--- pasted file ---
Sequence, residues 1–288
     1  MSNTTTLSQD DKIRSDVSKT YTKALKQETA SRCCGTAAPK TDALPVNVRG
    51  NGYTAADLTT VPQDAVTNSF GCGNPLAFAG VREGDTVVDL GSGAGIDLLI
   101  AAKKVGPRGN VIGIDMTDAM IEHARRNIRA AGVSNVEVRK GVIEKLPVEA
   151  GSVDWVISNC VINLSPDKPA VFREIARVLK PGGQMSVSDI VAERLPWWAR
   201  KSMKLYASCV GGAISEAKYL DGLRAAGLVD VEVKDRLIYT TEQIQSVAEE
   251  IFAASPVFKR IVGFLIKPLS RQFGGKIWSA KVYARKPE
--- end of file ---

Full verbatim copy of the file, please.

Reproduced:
Sequence, residues 1–288
     1  MSNTTTLSQD DKIRSDVSKT YTKALKQETA SRCCGTAAPK TDALPVNVRG
    51  NGYTAADLTT VPQDAVTNSF GCGNPLAFAG VREGDTVVDL GSGAGIDLLI
   101  AAKKVGPRGN VIGIDMTDAM IEHARRNIRA AGVSNVEVRK GVIEKLPVEA
   151  GSVDWVISNC VINLSPDKPA VFREIARVLK PGGQMSVSDI VAERLPWWAR
   201  KSMKLYASCV GGAISEAKYL DGLRAAGLVD VEVKDRLIYT TEQIQSVAEE
   251  IFAASPVFKR IVGFLIKPLS RQFGGKIWSA KVYARKPE